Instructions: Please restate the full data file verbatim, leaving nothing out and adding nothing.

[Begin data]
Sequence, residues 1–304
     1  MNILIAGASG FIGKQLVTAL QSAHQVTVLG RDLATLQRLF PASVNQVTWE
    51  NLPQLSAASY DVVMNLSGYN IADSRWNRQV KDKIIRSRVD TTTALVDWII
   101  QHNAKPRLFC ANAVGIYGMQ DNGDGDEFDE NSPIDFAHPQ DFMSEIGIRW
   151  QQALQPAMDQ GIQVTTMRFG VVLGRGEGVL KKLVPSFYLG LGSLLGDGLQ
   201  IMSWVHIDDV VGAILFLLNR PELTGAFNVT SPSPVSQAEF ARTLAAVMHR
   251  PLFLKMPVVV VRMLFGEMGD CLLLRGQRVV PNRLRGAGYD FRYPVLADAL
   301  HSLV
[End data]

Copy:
Sequence, residues 1–304
     1  MNILIAGASG FIGKQLVTAL QSAHQVTVLG RDLATLQRLF PASVNQVTWE
    51  NLPQLSAASY DVVMNLSGYN IADSRWNRQV KDKIIRSRVD TTTALVDWII
   101  QHNAKPRLFC ANAVGIYGMQ DNGDGDEFDE NSPIDFAHPQ DFMSEIGIRW
   151  QQALQPAMDQ GIQVTTMRFG VVLGRGEGVL KKLVPSFYLG LGSLLGDGLQ
   201  IMSWVHIDDV VGAILFLLNR PELTGAFNVT SPSPVSQAEF ARTLAAVMHR
   251  PLFLKMPVVV VRMLFGEMGD CLLLRGQRVV PNRLRGAGYD FRYPVLADAL
   301  HSLV